Sunday, July 24, 2011

Lighting Faces

The Nose Knows. It should become apparent that I really like having my supplementary light source "on a stick". This gives me some flexibility on the placement of the light in relationship to my subject. You can position the flash to the left or right, or above or below your subject, whatever the situation may call for. But whether your light source is artificial or natural, you can establish a good foundation for effective lighting by aligning the light with your subject's nose.

This lead shot was taken early in the morning during Carnaval in 2008. From the shadows on the street, you can see that the light was coming from camera right, almost perpendicular to the line of sight. Had she been facing me, half the face would have been in shadow and half would be fully illuminated. But by waiting for her to turn into the sun, I got full illumination on the front of her face, accentuating her strong facial features.

A lucky accident occurred when the sun did double duty for this shot. First, it served as a strong accent light that separated the line of his back from the walls of the building in the background. However, light bouncing off a light colored building across the street gently lit the front of his face, separating it from the background and giving the front of the face a three-dimensional effect. The light is so subtle that you might not believe it was really there until you examine the folds of the front of his red shirt. You'll see that the edge is just a bit brighter from the left side, exactly where our trumpeter is facing.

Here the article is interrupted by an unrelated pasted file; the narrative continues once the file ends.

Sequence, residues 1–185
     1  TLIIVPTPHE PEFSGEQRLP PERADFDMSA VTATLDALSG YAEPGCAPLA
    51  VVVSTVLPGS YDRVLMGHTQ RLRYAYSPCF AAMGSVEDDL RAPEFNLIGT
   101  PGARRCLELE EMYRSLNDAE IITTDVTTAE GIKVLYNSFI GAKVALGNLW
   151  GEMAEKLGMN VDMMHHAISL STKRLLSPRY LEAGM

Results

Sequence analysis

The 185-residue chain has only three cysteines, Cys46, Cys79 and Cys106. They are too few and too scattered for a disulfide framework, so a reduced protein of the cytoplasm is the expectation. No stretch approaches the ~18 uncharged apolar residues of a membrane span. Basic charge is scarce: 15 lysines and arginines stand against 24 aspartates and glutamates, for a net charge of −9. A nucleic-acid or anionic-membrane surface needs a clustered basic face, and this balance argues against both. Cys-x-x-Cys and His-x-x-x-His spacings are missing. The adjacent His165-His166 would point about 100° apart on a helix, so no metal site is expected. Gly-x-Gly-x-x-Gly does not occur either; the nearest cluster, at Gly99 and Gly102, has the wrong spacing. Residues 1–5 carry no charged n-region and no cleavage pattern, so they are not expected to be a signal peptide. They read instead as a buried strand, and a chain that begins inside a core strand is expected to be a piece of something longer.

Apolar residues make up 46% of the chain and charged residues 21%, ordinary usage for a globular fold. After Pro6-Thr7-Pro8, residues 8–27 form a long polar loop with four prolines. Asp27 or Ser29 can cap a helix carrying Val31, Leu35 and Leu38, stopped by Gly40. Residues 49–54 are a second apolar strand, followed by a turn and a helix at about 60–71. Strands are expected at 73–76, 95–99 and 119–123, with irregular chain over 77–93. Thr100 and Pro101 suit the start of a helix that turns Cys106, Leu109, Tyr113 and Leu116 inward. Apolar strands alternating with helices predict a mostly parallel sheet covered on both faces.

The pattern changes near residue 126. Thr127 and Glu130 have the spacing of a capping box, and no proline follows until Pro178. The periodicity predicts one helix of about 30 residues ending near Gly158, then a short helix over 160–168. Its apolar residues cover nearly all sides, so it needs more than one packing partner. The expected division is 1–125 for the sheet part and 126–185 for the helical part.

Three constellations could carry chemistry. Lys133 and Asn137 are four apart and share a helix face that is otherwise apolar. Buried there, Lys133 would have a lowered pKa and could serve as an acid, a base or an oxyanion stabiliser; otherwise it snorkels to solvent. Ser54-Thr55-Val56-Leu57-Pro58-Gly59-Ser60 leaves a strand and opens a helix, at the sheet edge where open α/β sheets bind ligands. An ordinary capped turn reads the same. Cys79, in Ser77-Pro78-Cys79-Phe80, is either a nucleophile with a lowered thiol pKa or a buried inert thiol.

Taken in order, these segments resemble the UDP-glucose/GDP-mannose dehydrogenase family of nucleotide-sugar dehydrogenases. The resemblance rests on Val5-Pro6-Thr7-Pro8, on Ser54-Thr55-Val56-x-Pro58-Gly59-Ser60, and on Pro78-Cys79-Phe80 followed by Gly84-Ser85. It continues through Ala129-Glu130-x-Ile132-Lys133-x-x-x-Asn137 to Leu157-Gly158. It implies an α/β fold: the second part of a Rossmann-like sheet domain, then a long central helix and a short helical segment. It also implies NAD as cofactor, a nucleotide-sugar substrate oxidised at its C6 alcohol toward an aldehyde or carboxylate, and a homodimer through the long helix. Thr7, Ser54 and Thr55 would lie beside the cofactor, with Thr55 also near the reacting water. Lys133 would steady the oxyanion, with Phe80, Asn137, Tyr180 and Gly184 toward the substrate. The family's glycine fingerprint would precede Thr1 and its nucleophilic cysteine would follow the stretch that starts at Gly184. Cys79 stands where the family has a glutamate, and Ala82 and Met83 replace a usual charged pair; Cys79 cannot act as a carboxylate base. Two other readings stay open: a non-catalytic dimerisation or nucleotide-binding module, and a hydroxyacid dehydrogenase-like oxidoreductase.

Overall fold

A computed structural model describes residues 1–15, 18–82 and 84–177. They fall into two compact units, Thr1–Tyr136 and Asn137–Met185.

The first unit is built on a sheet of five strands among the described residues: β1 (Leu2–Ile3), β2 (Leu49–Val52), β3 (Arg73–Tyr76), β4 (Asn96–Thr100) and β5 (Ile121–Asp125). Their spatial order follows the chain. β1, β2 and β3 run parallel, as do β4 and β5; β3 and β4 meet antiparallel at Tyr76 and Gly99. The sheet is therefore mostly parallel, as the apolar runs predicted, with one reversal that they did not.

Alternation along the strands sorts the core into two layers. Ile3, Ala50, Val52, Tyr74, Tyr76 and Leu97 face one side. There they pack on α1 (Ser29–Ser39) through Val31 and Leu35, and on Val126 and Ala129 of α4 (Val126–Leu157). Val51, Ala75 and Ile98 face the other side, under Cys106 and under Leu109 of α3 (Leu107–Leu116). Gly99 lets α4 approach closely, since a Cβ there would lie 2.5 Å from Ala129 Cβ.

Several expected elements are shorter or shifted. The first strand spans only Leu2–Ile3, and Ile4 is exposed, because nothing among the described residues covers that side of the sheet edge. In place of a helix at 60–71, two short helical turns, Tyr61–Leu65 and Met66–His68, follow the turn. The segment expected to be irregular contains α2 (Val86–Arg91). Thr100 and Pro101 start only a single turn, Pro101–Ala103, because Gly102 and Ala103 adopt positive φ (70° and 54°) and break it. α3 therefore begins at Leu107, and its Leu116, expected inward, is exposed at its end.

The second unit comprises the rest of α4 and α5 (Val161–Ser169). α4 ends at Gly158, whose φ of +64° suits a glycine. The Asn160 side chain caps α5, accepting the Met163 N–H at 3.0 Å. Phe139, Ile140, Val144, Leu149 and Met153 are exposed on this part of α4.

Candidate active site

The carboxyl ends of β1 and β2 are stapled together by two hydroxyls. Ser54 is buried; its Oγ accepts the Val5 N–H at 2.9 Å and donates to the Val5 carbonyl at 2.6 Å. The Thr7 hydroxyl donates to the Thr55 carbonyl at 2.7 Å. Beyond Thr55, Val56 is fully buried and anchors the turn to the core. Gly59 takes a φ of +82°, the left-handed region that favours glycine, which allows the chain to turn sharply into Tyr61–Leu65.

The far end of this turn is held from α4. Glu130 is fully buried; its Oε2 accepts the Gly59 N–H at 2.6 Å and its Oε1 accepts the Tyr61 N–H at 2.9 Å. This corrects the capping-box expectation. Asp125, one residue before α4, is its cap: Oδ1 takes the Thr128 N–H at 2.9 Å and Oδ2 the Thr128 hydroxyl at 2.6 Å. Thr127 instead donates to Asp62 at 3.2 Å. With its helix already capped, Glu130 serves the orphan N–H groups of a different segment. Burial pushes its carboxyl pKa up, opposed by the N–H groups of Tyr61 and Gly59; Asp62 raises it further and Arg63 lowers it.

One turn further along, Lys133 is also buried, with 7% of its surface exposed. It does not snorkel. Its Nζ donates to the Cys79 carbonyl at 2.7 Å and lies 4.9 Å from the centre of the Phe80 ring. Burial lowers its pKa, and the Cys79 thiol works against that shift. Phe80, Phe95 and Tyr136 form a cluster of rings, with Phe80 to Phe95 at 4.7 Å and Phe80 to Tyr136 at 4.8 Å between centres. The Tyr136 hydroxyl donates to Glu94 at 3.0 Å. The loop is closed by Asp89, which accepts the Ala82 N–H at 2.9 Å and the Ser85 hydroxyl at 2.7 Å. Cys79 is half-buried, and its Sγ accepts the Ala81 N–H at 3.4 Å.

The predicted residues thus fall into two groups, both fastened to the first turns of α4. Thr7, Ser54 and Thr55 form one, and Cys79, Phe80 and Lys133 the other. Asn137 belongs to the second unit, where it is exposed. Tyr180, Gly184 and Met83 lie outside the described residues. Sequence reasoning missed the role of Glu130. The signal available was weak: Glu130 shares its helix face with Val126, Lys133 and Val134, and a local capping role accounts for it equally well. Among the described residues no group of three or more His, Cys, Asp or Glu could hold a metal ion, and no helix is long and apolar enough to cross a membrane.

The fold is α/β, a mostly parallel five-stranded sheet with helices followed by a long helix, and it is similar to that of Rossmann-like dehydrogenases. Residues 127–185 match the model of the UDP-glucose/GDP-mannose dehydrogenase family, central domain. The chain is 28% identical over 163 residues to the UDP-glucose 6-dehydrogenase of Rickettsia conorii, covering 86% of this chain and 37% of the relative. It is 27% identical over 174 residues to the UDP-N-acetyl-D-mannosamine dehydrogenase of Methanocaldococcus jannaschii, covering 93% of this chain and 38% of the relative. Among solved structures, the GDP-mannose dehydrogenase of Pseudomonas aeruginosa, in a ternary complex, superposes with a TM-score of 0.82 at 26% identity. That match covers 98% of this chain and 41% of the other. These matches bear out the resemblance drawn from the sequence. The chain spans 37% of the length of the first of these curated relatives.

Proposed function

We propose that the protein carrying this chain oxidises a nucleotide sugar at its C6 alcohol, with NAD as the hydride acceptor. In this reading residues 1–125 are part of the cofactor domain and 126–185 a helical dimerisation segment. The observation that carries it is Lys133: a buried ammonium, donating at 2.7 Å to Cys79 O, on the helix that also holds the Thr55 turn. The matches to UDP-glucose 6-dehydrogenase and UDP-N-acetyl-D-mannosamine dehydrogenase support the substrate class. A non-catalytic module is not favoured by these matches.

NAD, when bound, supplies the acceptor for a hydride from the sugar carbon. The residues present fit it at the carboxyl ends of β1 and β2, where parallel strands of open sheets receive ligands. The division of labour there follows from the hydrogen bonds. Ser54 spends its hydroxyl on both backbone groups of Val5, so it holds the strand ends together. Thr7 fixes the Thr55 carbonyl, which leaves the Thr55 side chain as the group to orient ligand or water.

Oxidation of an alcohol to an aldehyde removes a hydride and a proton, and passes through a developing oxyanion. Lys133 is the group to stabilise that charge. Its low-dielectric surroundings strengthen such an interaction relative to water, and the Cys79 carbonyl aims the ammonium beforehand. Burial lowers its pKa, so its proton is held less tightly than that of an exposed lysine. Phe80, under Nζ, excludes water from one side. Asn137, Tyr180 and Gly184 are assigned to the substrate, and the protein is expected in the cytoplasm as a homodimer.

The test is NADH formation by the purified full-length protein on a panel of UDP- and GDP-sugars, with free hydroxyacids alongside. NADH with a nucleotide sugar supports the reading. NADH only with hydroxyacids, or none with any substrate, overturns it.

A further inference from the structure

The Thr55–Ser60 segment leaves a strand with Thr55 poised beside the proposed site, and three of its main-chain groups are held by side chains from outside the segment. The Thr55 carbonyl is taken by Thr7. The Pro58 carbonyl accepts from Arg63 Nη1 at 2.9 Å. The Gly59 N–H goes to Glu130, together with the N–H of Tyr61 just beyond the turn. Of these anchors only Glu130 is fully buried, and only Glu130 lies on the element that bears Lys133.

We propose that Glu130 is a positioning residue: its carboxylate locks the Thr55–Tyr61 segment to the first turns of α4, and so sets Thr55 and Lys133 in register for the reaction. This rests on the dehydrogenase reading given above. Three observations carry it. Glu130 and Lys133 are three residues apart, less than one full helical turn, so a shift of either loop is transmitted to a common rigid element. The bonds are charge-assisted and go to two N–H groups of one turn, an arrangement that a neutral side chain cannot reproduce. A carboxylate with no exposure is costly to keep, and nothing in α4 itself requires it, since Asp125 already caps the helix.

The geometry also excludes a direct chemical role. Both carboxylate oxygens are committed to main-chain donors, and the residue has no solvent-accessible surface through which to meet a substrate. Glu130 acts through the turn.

This final image demonstrates that the "nose knows" even at high noon. You can see from the short shadow on the street that the sun is very high in the sky, and while the puppeteer is facing away from the light, his charge is looking directly into the sun. Again, his nose is pointing directly into the main light source. The strong shadows beneath the chin and nose clearly define the face.

So remember that whenever possible, have your main light illuminate our subject's face straight on. As I said, the Nose Knows!